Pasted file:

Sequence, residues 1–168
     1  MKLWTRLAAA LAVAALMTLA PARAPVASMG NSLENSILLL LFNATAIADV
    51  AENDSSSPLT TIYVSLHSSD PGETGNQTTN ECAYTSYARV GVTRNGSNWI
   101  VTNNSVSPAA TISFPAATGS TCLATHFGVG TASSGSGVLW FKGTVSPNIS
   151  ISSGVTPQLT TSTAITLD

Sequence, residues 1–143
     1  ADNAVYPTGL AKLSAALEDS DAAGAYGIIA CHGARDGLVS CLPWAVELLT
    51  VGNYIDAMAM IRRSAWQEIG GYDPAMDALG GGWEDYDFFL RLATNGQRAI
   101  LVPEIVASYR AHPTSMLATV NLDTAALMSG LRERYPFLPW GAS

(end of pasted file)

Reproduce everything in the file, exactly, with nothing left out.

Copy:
Sequence, residues 1–168
     1  MKLWTRLAAA LAVAALMTLA PARAPVASMG NSLENSILLL LFNATAIADV
    51  AENDSSSPLT TIYVSLHSSD PGETGNQTTN ECAYTSYARV GVTRNGSNWI
   101  VTNNSVSPAA TISFPAATGS TCLATHFGVG TASSGSGVLW FKGTVSPNIS
   151  ISSGVTPQLT TSTAITLD

Sequence, residues 1–143
     1  ADNAVYPTGL AKLSAALEDS DAAGAYGIIA CHGARDGLVS CLPWAVELLT
    51  VGNYIDAMAM IRRSAWQEIG GYDPAMDALG GGWEDYDFFL RLATNGQRAI
   101  LVPEIVASYR AHPTSMLATV NLDTAALMSG LRERYPFLPW GAS